I’m also our group editor, in charge of overseeing the Morrow County Sentinel and the Bellville Star. I also post items on Facebook pages and Twitter and elsewhere when I can. I’ve spent, at the most, 20 minutes total in Mount Gilead and Bellville in the past two weeks. Fortunately, they’re well-oiled machines already.
Here are a few observations from my short time at the helm.
1. Inquirer readers want a good product, and they don’t take kindly to mistakes. That’s OK. I don’t disagree. I will try to keep delivering a quality product to readers of our print edition, our E-edition, our website and other places our product shows up. I also hate mistakes, but the realist in me knows they are going to happen.
2. Inquirer readers are unabashedly vocal in their praise and their anger. I don’t mean of the Inquirer, although that holds true, too. Readers are unafraid to compliment something that is good, and definitely unafraid to bash someone, or something, well, anything they dislike. And that’s OK, too. There are comment areas on our website and on our Facebook page. Use them judiciously, but use common sense … and don’t use vulgar language.
3. Inquirer readers are extremely helpful, and that help is going to make it easier to deliver the quality product everyone wants. I asked yesterday for information about Andrew’s Dairy. The response and suggestions were impressive. It even started some nice conversations as readers shared some of their memories and observations of Andrew’s Dairy. And that is really what our comment sections are about, to start conversations. So kudos!
4. Even though I’ve lived in Galion most of my life, I’ve been out of touch with much of what has gone on here in recent years. I’ve followed the good — and the bad — from afar, but not as closely as I could. Again, I’m in the learning, or relearning, mode. If you’ve got story ideas or suggestions on how to make the Inquirer a better product, please share them with me. My email address is email@example.com. I can’t say I’ll act on all of them, but I’ll certainly give all of them some thought. And if you see me out and about, say hello.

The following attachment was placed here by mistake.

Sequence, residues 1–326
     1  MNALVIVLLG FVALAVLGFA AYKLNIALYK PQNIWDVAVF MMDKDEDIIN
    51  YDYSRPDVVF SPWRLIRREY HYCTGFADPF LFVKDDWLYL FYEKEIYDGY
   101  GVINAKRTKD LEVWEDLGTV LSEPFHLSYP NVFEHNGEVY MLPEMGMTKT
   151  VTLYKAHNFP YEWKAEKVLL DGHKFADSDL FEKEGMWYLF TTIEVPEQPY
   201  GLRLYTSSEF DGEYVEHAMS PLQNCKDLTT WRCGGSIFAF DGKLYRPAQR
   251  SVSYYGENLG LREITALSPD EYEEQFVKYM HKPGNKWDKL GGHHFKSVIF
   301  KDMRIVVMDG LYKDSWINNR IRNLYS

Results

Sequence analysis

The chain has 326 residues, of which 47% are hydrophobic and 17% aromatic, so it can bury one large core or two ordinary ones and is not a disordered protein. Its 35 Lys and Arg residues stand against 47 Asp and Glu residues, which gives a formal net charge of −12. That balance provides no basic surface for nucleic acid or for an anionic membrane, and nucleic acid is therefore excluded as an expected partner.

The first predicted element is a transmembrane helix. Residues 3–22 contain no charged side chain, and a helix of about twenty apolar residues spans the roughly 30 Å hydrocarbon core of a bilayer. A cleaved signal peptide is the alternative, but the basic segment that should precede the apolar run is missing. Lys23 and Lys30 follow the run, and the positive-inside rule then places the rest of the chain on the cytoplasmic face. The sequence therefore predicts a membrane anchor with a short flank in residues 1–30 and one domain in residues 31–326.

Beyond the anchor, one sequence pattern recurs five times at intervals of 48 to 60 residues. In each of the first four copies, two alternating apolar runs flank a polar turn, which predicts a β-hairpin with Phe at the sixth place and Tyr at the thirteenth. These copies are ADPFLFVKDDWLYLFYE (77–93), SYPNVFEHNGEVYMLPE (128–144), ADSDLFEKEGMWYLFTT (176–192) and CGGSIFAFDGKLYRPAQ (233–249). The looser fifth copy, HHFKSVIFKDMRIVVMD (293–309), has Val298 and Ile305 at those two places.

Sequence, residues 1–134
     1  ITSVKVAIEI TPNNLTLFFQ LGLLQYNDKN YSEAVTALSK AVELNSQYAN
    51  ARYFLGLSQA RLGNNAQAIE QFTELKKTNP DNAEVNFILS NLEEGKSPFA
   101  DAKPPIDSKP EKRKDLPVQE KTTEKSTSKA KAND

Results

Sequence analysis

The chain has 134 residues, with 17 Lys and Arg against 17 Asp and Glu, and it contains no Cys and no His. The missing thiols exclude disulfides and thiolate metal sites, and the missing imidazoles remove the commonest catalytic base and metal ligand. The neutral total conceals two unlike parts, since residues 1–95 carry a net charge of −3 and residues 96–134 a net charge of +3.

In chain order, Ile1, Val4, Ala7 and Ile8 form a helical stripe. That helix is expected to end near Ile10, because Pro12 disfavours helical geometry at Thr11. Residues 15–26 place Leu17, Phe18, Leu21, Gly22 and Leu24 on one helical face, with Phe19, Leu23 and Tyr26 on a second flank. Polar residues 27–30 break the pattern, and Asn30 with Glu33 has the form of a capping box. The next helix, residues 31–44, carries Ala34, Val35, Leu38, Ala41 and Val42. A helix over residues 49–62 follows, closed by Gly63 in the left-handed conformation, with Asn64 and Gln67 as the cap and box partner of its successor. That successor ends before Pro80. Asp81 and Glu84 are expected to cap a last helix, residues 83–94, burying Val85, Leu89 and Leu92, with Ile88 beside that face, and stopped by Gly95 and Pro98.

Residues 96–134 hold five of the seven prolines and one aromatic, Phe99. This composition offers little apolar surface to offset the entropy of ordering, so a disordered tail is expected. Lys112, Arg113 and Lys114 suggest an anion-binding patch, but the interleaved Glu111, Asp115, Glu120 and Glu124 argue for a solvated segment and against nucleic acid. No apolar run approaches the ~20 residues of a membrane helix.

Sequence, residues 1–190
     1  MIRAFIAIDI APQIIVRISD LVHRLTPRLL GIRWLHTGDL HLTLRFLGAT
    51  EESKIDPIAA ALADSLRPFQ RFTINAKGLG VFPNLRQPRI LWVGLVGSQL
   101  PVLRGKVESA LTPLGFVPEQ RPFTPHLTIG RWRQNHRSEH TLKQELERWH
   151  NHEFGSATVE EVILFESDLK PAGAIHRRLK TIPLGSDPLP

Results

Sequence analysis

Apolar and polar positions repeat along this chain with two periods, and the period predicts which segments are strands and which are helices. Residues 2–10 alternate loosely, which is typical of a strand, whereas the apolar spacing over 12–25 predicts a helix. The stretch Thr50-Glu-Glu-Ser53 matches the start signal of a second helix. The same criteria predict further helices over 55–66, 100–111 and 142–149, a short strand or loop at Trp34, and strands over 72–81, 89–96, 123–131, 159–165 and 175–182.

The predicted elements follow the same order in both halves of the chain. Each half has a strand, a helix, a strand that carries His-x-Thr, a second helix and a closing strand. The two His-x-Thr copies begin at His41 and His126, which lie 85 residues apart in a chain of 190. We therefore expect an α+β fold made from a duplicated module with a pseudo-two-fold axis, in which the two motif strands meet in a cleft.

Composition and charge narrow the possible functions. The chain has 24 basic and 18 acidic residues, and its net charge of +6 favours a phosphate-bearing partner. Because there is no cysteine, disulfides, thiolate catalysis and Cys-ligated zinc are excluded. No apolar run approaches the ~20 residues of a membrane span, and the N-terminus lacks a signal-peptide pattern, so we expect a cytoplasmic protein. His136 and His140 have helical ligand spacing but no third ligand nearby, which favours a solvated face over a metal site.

5. There are a lot of people who have touched bases with me from year’s past. That’s kind of fun. Keep doing that. I’m better at names than faces, but I’m not as young as I once one either, and the memory fails me every now and …. now, where was I?
Anyway, as you read this, I hope you’ve already begun celebrating Independence Day. It may be my favorite holidays. It includes the things I like best, celebrations, warm weather, family, cookouts, fireworks, a few adult beverages and golf courses. I’ll be at Pickle Run this weekend taking some pictures and talking to folks. I’ll also watch the fireworks Sunday night, but I’m fortunate enough to live close enough to Heise Park that I can watch them from my back yard. But if you see me, and know me, please say hi.
Russ Kent is editor of the Galion Inquirer, Morrow County Sentinel and Bellville. Email him at firstname.lastname@example.org.